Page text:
Since the credit crisis, regulators have been coming to grips with counterparty risk, or the notion that one party in a transaction might not honour its contractual obligations. Policymakers from the G20 countries, in particular, have been pushing for derivatives contracts to be settled through a central counterparty clearing system. This, it is hoped, will help reduce wider systemic risks in the financial market.
In a market worth over €200 billion, more than half of Europe’s exchange-traded funds use synthetic replication. This means that their returns depend on an over-the-counter (privately negotiated, bilateral) derivative agreement with a counterparty, typically a bank. According to some lawyers and risk experts, the shift towards central counterparty clearing could hit the synthetic ETF industry by making it more expensive – or even impossible – to provide those derivatives at an economic level.
“We could get to the stage where a synthetic ETF will actually underperform the index it is tracking by more than the fund fees because of the extra collateral costs that central clearing might involve,” said Simon Gleeson, a specialist in financial regulation and derivatives at London law firm Clifford Chance. “And if that happened you could speculate as to whether there was in fact a future for that type of synthetic ETF.”
Synthetic (or swap-based) ETFs first appeared in Europe a decade ago, with the launch of a CAC 40 tracker by Lyxor, a subsidiary of French bank Société Générale. The idea was simple. Rather than buying the index securities itself, the issuer could outsource the responsibility for index tracking to a third party (the swap counterparty). The synthetic ETF was born.
In practice, since Europe’s UCITS fund rules allow a fund to have only limited naked exposure to derivatives, a swap-based ETF also buys a basket of securities, often from the same counterparty. Through the swap, the ETF exchanges the performance of the basket for the performance of the index the ETF is tracking. The securities contained in the basket often do not include any from the actual index being tracked, but are instead chosen by the bank to conform with certain regulatory limits.
Spurred on by the general flexibility of UCITS with regard to the use of derivatives, swap-based ETFs now outnumber ETFs using the more traditional method of physical replication. The providers of swap-based funds market them as a more efficient way to invest in certain indices, with the swap able to reduce the tracking error between the ETF and the underlying benchmark.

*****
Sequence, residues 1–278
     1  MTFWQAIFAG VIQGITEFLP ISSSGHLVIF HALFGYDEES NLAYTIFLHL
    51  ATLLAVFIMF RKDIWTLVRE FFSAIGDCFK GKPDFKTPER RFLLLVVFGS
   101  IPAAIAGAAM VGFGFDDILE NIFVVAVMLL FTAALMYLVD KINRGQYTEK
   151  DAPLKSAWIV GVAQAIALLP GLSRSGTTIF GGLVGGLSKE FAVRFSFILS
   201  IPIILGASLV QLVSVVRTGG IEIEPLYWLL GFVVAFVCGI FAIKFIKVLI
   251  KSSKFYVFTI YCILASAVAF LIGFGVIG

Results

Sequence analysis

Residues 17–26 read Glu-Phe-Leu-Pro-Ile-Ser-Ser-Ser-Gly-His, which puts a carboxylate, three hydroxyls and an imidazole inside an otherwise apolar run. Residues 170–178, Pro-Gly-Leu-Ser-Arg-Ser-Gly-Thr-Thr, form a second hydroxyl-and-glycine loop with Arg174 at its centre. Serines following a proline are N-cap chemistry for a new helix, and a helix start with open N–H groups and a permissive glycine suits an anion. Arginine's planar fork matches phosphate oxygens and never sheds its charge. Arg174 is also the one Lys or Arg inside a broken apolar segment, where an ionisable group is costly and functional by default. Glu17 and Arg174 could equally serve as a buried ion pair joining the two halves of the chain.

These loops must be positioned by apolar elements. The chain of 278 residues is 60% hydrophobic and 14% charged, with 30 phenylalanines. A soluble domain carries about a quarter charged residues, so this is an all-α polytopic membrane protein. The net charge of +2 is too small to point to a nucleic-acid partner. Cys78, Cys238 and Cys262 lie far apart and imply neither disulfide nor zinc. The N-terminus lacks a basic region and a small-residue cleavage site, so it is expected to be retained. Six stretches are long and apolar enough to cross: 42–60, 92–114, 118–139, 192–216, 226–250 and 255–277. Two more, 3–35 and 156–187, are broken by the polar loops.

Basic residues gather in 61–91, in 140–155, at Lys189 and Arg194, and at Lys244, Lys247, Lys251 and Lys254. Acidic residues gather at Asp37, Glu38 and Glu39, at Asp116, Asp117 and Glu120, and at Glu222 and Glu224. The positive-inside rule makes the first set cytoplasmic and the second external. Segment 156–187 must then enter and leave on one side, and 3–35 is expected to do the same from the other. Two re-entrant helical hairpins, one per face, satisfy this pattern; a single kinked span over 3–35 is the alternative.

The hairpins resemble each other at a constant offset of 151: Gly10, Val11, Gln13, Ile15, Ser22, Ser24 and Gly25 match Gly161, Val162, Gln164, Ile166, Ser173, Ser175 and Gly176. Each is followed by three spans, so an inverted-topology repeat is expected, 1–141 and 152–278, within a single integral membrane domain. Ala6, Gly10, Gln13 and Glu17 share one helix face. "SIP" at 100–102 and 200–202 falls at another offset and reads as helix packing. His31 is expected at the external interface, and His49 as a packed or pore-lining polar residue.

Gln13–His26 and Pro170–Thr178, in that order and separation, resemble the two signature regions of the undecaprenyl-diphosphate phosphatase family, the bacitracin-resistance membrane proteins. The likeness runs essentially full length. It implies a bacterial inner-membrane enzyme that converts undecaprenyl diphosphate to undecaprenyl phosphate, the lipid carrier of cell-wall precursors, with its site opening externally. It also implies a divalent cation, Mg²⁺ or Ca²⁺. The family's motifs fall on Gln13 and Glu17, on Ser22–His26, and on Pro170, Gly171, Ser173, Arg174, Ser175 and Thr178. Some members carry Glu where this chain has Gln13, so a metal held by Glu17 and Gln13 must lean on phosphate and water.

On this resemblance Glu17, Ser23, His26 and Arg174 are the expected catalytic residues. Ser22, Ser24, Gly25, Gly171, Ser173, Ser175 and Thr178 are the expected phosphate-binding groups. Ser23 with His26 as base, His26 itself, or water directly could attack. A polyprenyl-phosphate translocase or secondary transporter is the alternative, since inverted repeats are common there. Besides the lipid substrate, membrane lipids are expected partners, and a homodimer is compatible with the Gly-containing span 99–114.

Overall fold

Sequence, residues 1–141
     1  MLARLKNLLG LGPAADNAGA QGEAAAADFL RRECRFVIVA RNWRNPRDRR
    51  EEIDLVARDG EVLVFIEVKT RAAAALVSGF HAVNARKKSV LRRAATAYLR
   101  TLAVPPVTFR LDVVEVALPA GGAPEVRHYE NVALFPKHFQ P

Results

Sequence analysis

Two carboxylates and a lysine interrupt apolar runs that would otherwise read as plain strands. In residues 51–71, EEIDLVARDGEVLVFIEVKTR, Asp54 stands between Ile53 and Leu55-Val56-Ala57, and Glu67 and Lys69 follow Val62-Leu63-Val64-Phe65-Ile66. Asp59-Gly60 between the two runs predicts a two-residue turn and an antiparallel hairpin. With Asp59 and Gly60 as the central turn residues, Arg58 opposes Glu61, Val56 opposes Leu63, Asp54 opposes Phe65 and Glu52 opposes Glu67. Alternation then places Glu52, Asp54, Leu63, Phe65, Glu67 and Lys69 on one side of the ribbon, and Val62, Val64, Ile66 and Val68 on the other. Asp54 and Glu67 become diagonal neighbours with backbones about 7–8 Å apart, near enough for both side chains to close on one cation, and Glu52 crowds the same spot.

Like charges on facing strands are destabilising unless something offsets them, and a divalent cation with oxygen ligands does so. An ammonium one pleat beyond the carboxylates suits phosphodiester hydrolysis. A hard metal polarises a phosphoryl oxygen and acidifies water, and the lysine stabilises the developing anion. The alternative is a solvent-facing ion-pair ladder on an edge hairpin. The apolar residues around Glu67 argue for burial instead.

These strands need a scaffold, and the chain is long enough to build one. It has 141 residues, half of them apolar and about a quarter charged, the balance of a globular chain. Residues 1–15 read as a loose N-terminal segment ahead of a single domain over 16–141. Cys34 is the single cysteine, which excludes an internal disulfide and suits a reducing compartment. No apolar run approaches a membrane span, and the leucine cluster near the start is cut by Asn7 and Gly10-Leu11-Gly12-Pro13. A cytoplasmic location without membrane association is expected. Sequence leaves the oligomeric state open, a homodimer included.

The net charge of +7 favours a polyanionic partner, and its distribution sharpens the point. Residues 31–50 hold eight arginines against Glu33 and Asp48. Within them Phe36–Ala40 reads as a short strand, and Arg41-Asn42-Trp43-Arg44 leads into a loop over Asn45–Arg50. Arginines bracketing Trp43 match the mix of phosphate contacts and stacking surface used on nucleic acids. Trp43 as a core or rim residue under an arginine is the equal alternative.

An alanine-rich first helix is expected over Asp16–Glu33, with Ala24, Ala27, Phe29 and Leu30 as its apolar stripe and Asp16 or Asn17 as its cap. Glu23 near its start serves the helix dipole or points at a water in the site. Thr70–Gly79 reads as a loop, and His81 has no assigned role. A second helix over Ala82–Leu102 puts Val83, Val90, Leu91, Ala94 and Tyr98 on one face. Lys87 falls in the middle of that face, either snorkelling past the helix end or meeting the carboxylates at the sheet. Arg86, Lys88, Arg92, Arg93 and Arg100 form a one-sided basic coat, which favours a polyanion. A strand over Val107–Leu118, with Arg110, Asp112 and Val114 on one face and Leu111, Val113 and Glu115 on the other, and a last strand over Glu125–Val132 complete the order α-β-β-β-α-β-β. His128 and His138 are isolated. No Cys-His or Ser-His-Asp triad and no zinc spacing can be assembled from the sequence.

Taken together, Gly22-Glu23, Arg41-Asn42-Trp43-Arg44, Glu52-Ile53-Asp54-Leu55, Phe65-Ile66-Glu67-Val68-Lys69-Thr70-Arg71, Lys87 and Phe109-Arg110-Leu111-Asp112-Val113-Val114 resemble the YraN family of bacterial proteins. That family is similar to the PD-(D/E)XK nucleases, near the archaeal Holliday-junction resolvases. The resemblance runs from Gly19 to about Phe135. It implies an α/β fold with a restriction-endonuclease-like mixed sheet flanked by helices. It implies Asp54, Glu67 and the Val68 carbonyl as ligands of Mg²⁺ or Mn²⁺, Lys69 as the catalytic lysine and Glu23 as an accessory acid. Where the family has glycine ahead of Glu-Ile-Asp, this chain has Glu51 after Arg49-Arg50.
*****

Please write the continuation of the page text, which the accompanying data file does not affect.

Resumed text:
The swap-based ETF model has been refined since its 2001 creation – largely in response to concerns over counterparty risk resulting from the financial crisis and as a result of competition with physically backed ETFs. For instance, many synthetics now use non-affiliated banks for their swaps, as well as using multiple counterparties to diversify risk.
Still, synthetic ETFs are not without their critics. Last month, Fundsmith’s chief executive, Terry Smith, warned that ETF investors might be placing their faith and their money in products they do not fully understand.
“The idea that a counterparty will provide you with a contract which matches the returns from underlying illiquid assets which you cannot directly own should give pause for thought,” Smith wrote on his website, adding investors should think about “how the counterparty will fulfil those obligations, for example in the case of extreme market movement and a liquidity crisis — a not unlikely combination.”
There’s also the issue of securities lending. Most of the collateral held by or on behalf of synthetic ETFs is ring-fenced. However, some of it may be lent out to other firms or rehypothecated. “The swap desks do the securities lending,” said Deborah Fuhr, global head of ETF research and implementation strategy at BlackRock. This can help banks generate revenue to cover the costs of providing the ETF swap and can also help reduce expenses charged to the ETF’s investors.
However, it does potentially add another layer of counterparty risk to the transactions.
A push towards central clearing is aimed at averting exactly the kind of ripple effect seen in the financial system after Lehman Brothers’ fall – when billions of dollars worth of derivatives-related collateral was tied up in the bank’s bankruptcy — or the near-collapse of the giant insurance firm, AIG. It would involve derivatives being cleared and settled through central counterparties, or clearing houses.